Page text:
Remove the cover. Open water alone is not what the birds are seeking. Once you remove the food source, the pool becomes less appealing – just a barren body of water.
If this is not possible, clear the pool cover of water and debris, and keep emptying the water from the cover after it rains.
Ducks can sometimes be driven off by harassment, by clapping loudly or banging pots and pans together. This disturbance has to be repeated frequently and consistently before the ducks will give up and leave for good, and is unlikely to be effective if there is a nest in the area.
Ducks IN Pools
If ducks are using the pool itself there is no health risk, as pool chemicals will neutralize duck waste. Usually they will not stay long once they realize there is no food to be had.
To encourage the ducks to leave:
-Do not waste money on plastic owls or snakes; birds quickly learn that the predator is a fake.
-Purchase Mylar streamers, which are available in our gift shops or in the crepe paper section at most party stores. Place three-foot high stakes in the ground at each corner of the pool, then stretch the Mylar from stake to stake across the pool to form an “X.” The flashing, uneven movement of the streamers normally frightens the birds away.
-Place a lightweight cover, such as a solar cover, over the pool when it is not being used.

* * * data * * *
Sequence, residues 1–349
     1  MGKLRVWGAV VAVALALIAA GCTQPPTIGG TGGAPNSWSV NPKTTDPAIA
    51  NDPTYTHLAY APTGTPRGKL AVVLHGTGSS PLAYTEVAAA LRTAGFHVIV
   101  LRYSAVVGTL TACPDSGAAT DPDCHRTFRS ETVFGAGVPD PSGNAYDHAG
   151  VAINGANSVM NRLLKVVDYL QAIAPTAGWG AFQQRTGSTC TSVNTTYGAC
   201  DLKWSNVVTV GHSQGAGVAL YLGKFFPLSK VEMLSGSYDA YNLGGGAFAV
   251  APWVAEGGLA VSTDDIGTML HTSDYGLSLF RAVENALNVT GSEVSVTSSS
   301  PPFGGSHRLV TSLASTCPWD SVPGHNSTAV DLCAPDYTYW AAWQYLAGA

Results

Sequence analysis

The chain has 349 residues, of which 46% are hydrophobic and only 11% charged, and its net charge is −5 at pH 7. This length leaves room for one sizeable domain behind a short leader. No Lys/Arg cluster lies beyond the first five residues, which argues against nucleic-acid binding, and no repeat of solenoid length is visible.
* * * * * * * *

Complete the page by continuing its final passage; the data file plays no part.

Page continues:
-Try the harassment techniques described above.
Ultimately, it becomes your choice as to how much effort you are willing to go through to discourage them (banging pots and pans etc). They can be stubborn sometimes. Remember, they are merely going about their day to day activities – finding food, shelter and safety – and are not purposely acting to annoy or bother you. Hopefully one of these techniques will help.
BIRDS AND THE LAW (This is the paragraph to which the above links should link) All birds are protected by federal laws under the "Migratory Bird Act of 1918," as well as by Rhode Island state laws. It is illegal to destroy, relocate or possess birds, their active nests or their eggs. The only exceptions are non-native species: House Sparrow, European Starling, and Pigeon. Trained and licensed wildlife rehabilitators, who have passed a federal and/or state-administered test, are permitted to care for injured or orphaned wildlife.